In movies characters are more often than not divided into two separate and distinctive categories, the heroes (the good looking, the kind hearted, the “Let’s save the day” kinda dudes and gals) and the villains (the misguided, the dark, the “Let’s take over the planet” kinda figures). But life is no movie and it is much harder to fit people into either one or the other category. In reality, most people are more morally grey than a black or white hero or villain.

Looking at myself, some people may call me a hero. Hell I even have one or two life saves under my belt. I do genuinely try to inspire people, am vocal about equal rights and I do spend a decent amount of time with the homeless plus a lot of time with my two nieces (who doesn’t love an adorable family man?). On paper that is typical movie heroism. On the other end of the spectrum, I am not nearly close to being perfect. I am incredibly flawed and make mistakes. As my closest friends can attest to, I can be downright unlikeable at times. I haven’t committed any crimes as serious as trying to take over the world with my giant death ray but I haven’t always made the best choices. In our hypothetical black and white world, this makes me a villain.

One of the hardest things I struggle with is learning which crimes have been committed by the guests. In the shelter life, it is more uncommon for us to encounter someone who has NOT had some sort of run ins with the wrong side of the law rather than those who never have. In our movie reality this makes them villains. The sad reality to this situation is that movies, tv and the media have convinced us that anyone who has committed a crime is the bad guy. We don’t think twice about why the crime was committed, just that they are bad people who did a bad thing. We rarely look into what roads led to committing the crime. Was it out of necessity? Was it a product of their environment or their upbringing? We don’t make exceptions and sometimes we don’t even allow redemption. We don’t see a person anymore, we see the crime.

There are some awful crimes in this world and please don’t take this as me trying to justify any of these crimes being committed. It takes a lot of work for me to look past the crimes to see the light in a person. I can think of at least one moment with each guest where they showed me their light. Whether it be offering other guests some snacks they managed to bring in with them or an extra smoke (which is a huge deal sharing because smokes are like gold in the shelter) or jumping into a fight to protect myself or any volunteers, I have seen the heroic side of so many of these guests that would be otherwise classified as a villain in the movie version of reality.
The point that I am getting at is that we cannot be defining people as either simply a hero or a villain. This world is not that simple. We live in a morally grey world. In this world, the “good” guys will make mistakes and the “bad” guys will commit acts of kindness and in some cases, seek redemption. Motivations for crimes aren’t always world domination and even heroic actions aren’t always driven by the goodness of one’s heart. Call me naive or stupid but in this field, I have to be able to believe that people can change or find their redemption if they seek it. I have to find their light or I would go crazy. When we see people as only their crimes, we are blocking their chance at redemption. We are not allowing them to move pass it or find a way to forgive themselves. Now please do not get me wrong, I am not asking for everyone to forgive or trust a dangerous offender or someone who has done horrible things to you. I just want us all to pull back and look at things from a different (and uncomfortable) perspective.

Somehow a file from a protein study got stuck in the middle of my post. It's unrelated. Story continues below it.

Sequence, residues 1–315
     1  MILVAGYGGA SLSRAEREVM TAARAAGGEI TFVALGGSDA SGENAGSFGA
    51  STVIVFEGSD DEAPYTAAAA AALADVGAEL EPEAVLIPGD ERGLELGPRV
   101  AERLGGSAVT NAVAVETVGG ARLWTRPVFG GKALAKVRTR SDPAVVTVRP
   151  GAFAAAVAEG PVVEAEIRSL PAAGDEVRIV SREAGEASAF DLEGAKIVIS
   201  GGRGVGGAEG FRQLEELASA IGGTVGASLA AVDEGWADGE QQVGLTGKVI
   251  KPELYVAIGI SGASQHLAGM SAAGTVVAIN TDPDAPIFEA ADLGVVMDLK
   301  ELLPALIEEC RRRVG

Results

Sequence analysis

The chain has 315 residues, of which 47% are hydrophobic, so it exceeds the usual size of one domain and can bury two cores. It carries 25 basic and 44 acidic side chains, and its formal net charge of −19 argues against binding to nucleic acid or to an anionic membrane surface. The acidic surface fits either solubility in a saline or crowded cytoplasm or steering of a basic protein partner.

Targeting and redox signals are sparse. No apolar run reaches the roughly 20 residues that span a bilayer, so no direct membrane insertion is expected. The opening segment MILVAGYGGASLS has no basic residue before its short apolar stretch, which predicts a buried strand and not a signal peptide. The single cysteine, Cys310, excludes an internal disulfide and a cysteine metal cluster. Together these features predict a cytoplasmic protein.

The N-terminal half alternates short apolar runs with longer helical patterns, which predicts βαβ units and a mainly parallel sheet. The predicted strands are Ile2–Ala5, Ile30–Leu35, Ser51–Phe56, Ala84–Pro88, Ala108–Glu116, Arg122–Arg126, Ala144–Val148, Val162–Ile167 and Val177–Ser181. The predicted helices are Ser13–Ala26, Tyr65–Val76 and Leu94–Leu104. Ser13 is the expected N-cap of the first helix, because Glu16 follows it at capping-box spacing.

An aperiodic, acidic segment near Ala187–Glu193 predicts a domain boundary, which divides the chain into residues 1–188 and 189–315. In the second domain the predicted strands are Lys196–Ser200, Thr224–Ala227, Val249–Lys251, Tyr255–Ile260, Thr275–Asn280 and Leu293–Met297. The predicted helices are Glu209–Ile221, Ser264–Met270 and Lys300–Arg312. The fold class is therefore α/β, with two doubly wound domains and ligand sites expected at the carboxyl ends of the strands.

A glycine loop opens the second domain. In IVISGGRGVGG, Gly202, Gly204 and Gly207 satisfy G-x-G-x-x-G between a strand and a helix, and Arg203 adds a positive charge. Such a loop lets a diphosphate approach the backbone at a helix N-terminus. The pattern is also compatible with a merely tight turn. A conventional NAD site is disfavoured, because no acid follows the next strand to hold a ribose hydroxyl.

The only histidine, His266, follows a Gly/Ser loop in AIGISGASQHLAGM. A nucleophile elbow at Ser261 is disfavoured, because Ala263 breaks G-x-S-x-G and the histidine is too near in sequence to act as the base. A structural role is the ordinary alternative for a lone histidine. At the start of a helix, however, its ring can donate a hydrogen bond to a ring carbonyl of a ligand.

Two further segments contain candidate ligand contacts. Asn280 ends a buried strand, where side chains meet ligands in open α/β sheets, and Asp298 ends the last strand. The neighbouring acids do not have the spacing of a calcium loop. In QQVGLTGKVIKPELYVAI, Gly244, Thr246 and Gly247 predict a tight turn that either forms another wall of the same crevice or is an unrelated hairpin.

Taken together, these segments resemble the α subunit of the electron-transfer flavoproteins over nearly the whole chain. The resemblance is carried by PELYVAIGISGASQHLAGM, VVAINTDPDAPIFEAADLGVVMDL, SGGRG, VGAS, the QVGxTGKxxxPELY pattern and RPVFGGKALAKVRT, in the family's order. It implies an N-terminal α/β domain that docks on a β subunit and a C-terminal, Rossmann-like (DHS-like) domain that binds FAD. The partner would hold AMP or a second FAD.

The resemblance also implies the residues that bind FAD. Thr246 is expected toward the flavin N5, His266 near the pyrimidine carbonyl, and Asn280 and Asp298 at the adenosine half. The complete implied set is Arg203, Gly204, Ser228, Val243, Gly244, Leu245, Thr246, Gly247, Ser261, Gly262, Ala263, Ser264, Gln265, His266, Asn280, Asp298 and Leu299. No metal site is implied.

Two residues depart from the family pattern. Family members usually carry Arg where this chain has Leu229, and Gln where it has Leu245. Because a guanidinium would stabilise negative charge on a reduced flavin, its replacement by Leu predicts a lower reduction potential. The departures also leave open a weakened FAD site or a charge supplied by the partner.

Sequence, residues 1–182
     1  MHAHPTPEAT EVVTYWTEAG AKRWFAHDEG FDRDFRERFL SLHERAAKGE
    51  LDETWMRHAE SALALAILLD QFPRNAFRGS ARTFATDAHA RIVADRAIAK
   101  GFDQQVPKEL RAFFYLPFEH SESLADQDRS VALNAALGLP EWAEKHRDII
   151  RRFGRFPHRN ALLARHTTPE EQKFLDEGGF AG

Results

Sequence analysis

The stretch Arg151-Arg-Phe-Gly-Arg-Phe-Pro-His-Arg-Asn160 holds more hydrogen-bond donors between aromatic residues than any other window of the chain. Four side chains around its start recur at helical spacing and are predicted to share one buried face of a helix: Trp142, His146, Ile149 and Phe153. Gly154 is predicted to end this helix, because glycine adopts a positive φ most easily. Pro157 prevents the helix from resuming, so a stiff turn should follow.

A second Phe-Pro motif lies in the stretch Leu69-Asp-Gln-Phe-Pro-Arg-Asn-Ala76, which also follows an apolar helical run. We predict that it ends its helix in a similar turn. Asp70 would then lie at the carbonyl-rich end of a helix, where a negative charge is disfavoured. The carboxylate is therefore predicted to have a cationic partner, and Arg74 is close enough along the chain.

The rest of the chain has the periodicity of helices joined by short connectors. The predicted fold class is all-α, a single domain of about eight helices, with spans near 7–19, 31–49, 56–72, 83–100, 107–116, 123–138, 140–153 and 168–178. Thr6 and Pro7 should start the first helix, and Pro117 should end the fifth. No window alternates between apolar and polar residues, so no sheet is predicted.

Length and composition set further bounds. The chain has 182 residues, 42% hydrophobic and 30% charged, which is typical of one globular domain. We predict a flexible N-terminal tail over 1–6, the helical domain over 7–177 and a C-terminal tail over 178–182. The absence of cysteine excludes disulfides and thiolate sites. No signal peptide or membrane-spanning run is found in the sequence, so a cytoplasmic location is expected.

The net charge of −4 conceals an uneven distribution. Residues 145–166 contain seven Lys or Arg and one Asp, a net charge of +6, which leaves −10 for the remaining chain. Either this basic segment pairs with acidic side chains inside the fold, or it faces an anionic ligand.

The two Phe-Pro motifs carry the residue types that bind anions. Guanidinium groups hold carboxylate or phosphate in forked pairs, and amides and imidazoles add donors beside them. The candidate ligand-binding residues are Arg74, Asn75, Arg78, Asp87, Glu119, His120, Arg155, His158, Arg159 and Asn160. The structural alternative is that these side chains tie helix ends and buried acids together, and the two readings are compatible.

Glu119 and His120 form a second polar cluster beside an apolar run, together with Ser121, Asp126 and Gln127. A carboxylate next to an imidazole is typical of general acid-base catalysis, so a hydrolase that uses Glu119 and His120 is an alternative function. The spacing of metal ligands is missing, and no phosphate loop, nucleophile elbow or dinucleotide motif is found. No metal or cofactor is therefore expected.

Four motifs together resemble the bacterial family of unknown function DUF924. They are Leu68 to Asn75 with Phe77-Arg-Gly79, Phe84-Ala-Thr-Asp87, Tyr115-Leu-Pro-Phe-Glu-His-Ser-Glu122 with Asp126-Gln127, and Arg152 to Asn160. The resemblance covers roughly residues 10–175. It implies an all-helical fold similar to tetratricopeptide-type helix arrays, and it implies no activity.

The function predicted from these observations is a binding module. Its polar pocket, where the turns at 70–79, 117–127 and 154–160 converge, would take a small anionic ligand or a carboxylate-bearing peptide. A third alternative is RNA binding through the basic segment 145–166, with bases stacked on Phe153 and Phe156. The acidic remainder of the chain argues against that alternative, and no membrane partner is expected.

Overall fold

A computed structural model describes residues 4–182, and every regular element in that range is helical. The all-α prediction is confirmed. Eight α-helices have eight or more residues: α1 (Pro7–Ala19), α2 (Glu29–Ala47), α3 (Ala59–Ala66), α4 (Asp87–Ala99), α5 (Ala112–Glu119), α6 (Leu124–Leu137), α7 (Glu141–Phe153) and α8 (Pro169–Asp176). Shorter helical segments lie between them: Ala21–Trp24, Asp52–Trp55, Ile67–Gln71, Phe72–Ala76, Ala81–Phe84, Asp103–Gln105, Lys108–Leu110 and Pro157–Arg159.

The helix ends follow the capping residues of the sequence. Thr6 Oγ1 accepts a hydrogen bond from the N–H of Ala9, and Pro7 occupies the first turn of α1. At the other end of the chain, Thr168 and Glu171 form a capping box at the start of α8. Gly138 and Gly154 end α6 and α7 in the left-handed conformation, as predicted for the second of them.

I want you to think of the good things you have done in your life. People you have helped, loved and made their lives better. Or even things like helping a  little old lady across the street or volunteering at your local Warming Room (see what I did there?). Those are the moments where you know that you did some good. Now I want you to think of the worst thing you have ever done. Have you grown since then? Were you forgiven? Have you forgiven yourself?
Now imagine that the bad thing you did is the only thing people ever see about you. No matter how hard you try, no one will let you move on from that moment or let you forget it. Think about how much that would hurt and no matter how much you grow or try to change, no one accepts it. No one will ever see you as anything more than that awful thing. You are the villain in the world’s eyes. How does that feel?
See? Things are not so simply black and white or heroes and villains. I hope that we can start allowing people who are seeking redemption to find it. I can’t speak for everyone else, but I know that people allowing me to redeem myself has made all the difference in shaping the person I have become. I do not know where I would be if friends and family didn’t forgive me for my mistakes.
We all have different paths to take and things are rarely as “hero or villain” as they are in the movies. I hope those of you seeking redemption are granted the chance to do so. And always remember, be kind to each other.